One of the great joys of foreign language learning is discovering a word for a concept you’re familiar with but didn’t have a word for before.
It’s something like reading a novel and identifying with a character’s experience when you thought you were the only one who’d felt that way before. While this happens frequently across a variety of languages, we’re going to focus in this post on the intersection of German and English.
It’s often the case that native English speakers stumble upon German terms with no equivalent in English, though they’re intimately familiar with what the terms are describing. In German, these terms are often compound nouns, meaning they combine several words into a single term and a single concept. You may be familiar with some of these already, such as the term Zeitgeist, or “time spirit,” which means the defining mood or spirit of a certain era.
In this post, we’re going to share some German terms you may not be familiar with, which lack intuitive equivalents in English. You may find yourself adopting them and peppering them into your English the way many do with Zeitgeist, or just taking note of them for the next time you brush up on your German. But first, a little comparison of English and German to throw some light on your learning.
How similar are German and English?
You may already know that German and English are both “Germanic languages,” as opposed to languages like French and Italian, which are “Romance languages.” Modern English, which evolved from Anglo-Saxon English in what is now Great Britain, is derived from the same root language as German: Proto-Germanic. Though it may seem counterintuitive, as German grammar is notoriously complex, English and German are considered to be 60 percent lexically similar.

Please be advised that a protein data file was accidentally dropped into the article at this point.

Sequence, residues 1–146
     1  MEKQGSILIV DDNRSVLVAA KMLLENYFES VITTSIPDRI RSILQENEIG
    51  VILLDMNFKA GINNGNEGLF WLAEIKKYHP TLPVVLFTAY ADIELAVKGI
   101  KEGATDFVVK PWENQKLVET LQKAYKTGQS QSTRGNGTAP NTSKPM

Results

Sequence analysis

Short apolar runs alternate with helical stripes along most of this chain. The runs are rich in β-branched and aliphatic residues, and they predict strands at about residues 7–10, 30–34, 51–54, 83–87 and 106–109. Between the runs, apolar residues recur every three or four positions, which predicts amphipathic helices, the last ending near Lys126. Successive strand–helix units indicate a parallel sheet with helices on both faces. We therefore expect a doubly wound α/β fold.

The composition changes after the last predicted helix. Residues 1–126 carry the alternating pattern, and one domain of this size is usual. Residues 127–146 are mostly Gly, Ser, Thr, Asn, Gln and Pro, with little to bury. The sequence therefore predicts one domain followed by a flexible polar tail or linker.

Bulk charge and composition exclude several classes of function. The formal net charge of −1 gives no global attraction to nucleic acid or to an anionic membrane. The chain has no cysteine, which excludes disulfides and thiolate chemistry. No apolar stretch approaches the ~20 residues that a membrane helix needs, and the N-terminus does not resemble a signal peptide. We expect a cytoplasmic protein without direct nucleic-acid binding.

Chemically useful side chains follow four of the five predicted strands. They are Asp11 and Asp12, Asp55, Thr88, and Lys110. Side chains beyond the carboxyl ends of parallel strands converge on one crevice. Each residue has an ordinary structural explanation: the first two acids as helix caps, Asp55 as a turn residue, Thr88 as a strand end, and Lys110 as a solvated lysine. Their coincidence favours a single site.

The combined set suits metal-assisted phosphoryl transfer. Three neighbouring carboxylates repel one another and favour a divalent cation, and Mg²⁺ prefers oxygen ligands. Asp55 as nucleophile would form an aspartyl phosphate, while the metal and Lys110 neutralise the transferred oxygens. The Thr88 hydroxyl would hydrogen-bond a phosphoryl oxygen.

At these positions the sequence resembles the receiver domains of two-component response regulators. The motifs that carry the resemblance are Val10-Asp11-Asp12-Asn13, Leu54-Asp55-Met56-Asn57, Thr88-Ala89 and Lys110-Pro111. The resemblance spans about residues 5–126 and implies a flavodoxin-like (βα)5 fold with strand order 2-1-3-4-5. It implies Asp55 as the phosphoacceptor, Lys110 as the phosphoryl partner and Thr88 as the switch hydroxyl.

One historical reason for this is that England had already been occupied by Germanic tribes by 500-800 A.D., when William the Conqueror led the Norman invasion of England in 1066. So by the time Norman (or French) and Latin came to influence old English, it was already heavily influenced by German.
This is why Shakespearean English appears to have such a “foreign” grammatical structure. Take the following line from Hamlet, for instance: “Neither a borrower nor a lender be; For loan oft loses both itself and friend, and borrowing dulls the edge of husbandry.” Notice how the verb “to be” is at the end of the phrase before the semi-colon. That’s the influence of German, which is known for placing its verbs at the end of sentences. What’s more, Shakespearean English appears to modern English speakers to be quite experimental, in the sense that different parts of sentences could be rearranged to emphasize different pieces of information. This is exactly what you can do in German, for example placing the time of day or day of the week in a different part of the sentence to prioritize or reduce its importance.
Many words are recognizable between the two languages.